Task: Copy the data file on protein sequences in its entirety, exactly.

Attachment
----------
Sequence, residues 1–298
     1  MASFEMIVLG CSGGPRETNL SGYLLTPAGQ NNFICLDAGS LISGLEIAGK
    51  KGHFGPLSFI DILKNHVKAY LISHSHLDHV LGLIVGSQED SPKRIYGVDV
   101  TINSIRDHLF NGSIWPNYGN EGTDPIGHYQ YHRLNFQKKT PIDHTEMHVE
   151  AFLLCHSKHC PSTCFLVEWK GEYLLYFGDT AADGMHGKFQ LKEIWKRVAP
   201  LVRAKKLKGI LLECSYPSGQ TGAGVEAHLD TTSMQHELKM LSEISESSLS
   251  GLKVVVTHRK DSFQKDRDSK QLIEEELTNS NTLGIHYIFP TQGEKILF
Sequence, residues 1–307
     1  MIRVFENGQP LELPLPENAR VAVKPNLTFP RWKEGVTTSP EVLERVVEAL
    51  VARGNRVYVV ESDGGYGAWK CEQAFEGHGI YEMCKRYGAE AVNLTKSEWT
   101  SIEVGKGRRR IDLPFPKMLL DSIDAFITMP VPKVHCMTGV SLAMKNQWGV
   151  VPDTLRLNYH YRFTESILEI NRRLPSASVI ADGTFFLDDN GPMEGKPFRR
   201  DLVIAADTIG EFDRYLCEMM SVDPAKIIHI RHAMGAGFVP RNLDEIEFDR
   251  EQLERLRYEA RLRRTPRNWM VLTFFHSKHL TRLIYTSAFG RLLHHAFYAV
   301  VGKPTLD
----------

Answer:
Sequence, residues 1–298
     1  MASFEMIVLG CSGGPRETNL SGYLLTPAGQ NNFICLDAGS LISGLEIAGK
    51  KGHFGPLSFI DILKNHVKAY LISHSHLDHV LGLIVGSQED SPKRIYGVDV
   101  TINSIRDHLF NGSIWPNYGN EGTDPIGHYQ YHRLNFQKKT PIDHTEMHVE
   151  AFLLCHSKHC PSTCFLVEWK GEYLLYFGDT AADGMHGKFQ LKEIWKRVAP
   201  LVRAKKLKGI LLECSYPSGQ TGAGVEAHLD TTSMQHELKM LSEISESSLS
   251  GLKVVVTHRK DSFQKDRDSK QLIEEELTNS NTLGIHYIFP TQGEKILF
Sequence, residues 1–307
     1  MIRVFENGQP LELPLPENAR VAVKPNLTFP RWKEGVTTSP EVLERVVEAL
    51  VARGNRVYVV ESDGGYGAWK CEQAFEGHGI YEMCKRYGAE AVNLTKSEWT
   101  SIEVGKGRRR IDLPFPKMLL DSIDAFITMP VPKVHCMTGV SLAMKNQWGV
   151  VPDTLRLNYH YRFTESILEI NRRLPSASVI ADGTFFLDDN GPMEGKPFRR
   201  DLVIAADTIG EFDRYLCEMM SVDPAKIIHI RHAMGAGFVP RNLDEIEFDR
   251  EQLERLRYEA RLRRTPRNWM VLTFFHSKHL TRLIYTSAFG RLLHHAFYAV
   301  VGKPTLD